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Building relationships is key for first-year college students – here are 5 easy ways to meet new friends and mentors

Forming study groups and reaching out to professors can greatly improve a first-year student’s chances for success.

Research shows that campus employment and relationships with peers help college students succeed. Ariel Skelley/DigitalVision via Getty Images

What’s the best advice you can give to a new college student? Connections are everything.

Research for decades has shown that the relationships students cultivate in college – with professors, staff and fellow students – are key to success. Simply put, human connections matter for learning and well-being in college – they also set students up for professional and personal fulfillment after they graduate.

College students confirmed the importance of connections when we interviewed more than 250 students at three dozen colleges and universities throughout the U.S. for our new book, “Connections Are Everything: A College Student’s Guide to Relationship-Rich Education.” The book is free to read online.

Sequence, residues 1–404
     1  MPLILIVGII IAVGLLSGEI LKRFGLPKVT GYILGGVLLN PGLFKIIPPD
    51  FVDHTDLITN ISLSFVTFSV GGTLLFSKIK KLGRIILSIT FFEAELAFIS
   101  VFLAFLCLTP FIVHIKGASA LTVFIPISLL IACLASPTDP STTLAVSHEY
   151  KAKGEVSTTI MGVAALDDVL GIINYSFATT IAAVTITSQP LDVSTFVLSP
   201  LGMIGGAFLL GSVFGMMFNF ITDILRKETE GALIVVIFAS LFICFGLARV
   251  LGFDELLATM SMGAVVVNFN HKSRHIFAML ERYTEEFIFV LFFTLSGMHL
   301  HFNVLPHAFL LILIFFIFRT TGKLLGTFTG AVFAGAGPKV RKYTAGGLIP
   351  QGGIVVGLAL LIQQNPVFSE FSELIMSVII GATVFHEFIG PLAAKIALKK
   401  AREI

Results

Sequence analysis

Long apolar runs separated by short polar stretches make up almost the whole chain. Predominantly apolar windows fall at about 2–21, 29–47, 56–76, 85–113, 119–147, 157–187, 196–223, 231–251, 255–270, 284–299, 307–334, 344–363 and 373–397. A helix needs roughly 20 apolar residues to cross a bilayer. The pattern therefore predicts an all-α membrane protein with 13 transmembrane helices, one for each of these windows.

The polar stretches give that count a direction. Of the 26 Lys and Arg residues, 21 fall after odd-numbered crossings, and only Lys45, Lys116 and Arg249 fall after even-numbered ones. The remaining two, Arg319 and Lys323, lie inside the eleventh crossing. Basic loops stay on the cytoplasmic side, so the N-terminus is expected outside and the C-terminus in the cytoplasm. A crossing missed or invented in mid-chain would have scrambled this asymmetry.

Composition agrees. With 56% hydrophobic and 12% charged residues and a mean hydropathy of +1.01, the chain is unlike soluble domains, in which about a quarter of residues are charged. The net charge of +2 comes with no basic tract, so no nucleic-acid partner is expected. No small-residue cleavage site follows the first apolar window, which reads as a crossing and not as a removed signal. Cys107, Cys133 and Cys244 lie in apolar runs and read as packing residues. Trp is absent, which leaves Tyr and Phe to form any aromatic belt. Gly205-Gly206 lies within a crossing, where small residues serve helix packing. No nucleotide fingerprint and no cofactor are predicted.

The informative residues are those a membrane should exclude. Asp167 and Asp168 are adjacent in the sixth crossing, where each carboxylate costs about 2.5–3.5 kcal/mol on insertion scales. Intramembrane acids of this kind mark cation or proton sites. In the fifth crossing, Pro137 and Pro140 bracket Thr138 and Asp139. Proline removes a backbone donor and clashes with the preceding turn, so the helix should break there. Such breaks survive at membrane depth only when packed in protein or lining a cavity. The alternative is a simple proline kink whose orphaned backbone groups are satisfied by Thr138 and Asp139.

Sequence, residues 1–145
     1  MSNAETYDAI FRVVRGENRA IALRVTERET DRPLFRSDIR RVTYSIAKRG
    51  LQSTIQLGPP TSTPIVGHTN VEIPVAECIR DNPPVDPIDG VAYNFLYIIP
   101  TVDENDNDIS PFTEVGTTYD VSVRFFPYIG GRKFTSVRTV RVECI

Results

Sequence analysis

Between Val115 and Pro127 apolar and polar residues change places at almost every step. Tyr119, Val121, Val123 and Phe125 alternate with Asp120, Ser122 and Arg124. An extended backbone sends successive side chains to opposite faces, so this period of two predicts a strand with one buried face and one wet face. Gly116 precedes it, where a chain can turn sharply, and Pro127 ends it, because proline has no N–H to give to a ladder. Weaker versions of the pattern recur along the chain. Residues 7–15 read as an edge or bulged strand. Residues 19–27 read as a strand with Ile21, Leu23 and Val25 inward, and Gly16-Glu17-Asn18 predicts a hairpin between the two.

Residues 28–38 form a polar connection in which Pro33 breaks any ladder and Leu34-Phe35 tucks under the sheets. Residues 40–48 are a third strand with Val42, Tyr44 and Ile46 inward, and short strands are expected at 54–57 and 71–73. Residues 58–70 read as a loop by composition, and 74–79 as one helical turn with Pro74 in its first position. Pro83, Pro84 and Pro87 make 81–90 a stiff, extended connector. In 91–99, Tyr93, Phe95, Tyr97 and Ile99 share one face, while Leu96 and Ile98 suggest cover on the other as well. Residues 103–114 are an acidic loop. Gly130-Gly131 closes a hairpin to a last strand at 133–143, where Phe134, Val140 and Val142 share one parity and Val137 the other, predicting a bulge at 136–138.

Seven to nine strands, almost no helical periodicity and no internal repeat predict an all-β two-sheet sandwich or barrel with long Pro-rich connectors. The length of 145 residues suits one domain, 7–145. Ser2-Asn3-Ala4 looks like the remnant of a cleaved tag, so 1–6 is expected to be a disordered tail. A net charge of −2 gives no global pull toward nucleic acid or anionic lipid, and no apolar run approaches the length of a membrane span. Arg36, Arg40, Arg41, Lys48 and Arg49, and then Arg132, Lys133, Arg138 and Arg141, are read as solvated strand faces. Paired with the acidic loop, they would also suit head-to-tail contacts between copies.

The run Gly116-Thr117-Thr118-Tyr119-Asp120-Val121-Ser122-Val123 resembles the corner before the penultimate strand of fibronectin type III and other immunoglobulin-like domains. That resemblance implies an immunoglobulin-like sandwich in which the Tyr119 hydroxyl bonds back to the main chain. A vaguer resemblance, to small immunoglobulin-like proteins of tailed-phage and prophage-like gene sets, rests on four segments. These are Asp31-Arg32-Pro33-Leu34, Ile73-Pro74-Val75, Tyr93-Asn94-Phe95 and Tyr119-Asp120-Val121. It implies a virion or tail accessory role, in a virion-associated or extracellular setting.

Although no two had the same story to tell, what they told was surprisingly similar – and reinforced the research on the power of relationships. What can college students do to harness this power to support their academic success and personal well-being? Here are five steps recommended by students and scholars:

1. Talk to a professor

The quality and frequency of student-faculty interactions play a major role in learning. Approaching a faculty member can feel intimidating. Still, it can be done in simple ways.

Introduce yourself before or after class. Visit during your professor’s in-person or online office hours, which is time set aside for students to meet with their instructor.

You don’t need to connect with every professor right away. Start with one in the first week of the term. You can seek help in or guidance about the class, or you can ask the professor about their professional background.

José Robles, a nursing student at Nevada State College, told us about being surprised at the connections he built with a professor in a required science course that he thought would be “as boring as rocks.” This professor’s teaching inspired him to love geology – and to get excited about learning in general. Jose’s experience is not unusual. A national poll of college graduates found that 60% met their most influential faculty mentor in college during their first year.